Cesunica Ivey

Assistant Professor
Research Interests
Air pollution assessment, Air quality modeling, Atmospheric modeling, Exposure monitoring, Environmental justice applications

621 Davis Hall

Office Hours
Ivey Updated Headshot

Cesunica Ivey is an Assistant Professor of Civil and Environmental Engineering and the PI of the Air Quality Modeling and Exposure Lab at UC Berkeley. Ivey’s research focuses on the nexus of air pollution science and engineering and environmental justice. She is an emerging leader in the areas of regional air quality modeling and its applications and community-scale air pollution exposure assessment. Ivey works in partnership with community organizations across California to prevent the over-industrialization of already overburdened neighborhoods. She recently served on a panel at a public hearing for the congressional Environmental Justice for All Act, sponsored by the U.S. Democratic Natural Resources Committee to support the regulation of cumulative burdens in impacted communities. In recognition of her advocacy for frontline communities of the e-commerce supply chain expansion in inland Southern California, Ivey was selected as a member of the American Chemical Society Chemical and Engineering News Talented 12 2021 class and a 2022 Women in Science Incentive Prize winner by The Story Exchange. She is also the recipient of the SSMN 2024 Early Career Alumnus Award.


Ph.D., Environmental Engineering, Georgia Institute of Technology, 2016

M.S., Environmental Engineering, Georgia Institute of Technology, 2011

B.S., Civil Engineering, Georgia Institute of Technology, 2010

B.S., Mathematics, Fort Valley State University, 2008

Ivey’s research focuses on 4-D regional air pollution model development and applications, source apportionment, low-cost monitoring, personal exposure assessment, resilience planning, and environmental disparities mitigation. Here are a few of the research projects her lab group, AQMEL is currently working on below:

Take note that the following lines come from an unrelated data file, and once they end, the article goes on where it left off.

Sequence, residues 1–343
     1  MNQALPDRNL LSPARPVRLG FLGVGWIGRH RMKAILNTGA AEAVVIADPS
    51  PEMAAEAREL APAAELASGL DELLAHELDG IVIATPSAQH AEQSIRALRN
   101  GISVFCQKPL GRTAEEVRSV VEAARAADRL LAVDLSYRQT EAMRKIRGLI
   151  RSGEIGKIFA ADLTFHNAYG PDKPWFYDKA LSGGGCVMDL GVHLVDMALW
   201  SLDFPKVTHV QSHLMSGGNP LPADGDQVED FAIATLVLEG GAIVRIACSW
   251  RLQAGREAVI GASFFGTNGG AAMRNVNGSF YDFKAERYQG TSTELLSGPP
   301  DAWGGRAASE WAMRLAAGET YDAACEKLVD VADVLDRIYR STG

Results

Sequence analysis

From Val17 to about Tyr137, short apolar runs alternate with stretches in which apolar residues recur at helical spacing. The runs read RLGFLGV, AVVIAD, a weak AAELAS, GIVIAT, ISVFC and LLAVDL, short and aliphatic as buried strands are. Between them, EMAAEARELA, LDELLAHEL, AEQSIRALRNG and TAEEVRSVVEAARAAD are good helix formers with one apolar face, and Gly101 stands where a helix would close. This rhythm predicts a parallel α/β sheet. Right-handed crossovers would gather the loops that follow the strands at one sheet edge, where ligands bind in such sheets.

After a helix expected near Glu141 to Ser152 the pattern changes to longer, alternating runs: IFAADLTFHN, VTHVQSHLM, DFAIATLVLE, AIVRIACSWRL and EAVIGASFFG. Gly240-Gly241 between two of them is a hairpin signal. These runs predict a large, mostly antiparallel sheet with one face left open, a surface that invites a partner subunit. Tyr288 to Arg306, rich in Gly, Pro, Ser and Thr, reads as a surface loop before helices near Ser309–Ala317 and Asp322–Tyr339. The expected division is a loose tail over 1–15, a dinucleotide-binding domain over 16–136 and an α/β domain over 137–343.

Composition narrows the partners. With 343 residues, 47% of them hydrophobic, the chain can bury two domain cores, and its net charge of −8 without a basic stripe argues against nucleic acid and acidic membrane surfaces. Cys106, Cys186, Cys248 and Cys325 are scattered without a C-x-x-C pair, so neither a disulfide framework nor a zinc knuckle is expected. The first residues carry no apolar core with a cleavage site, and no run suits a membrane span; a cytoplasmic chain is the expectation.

• Human Interactions and Air Quality Disparities - Air pollution and air quality do not impact all populations equally, and the disproportionate impacts are driven by political, economic, and social forces. AQMEL explores air pollution exposure disparities through the lenses of individual mobility, science communication, socioeconomics, historical political structures, and research equity.
  • Air Quality and Meteorology - Air pollutant formation and persistence are highly influenced by anthropogenic emissions, as well as meteorological conditions. Ivey’s research group investigates the impact of extreme meteorology on air quality in U.S. metropolitan areas that are susceptible to weather-exacerbated air pollution episodes.
  • Sustainable Mobility and Air Quality - As part of multiple synergistic activities with transportation and mobility experts, AQMEL leverages state-of-the-science traffic metrics to detrend and analyze ambient air pollution drivers. This research is critical for future human and goods movement planning for highly populated urban centers.​
  • Computational Methods - As part of AQMEL’s fundamental modeling research, Ivey’s research team explores the power of advanced computational methods and predictive algorithms to improve the speed and accuracy of large-scale air pollution predictions.​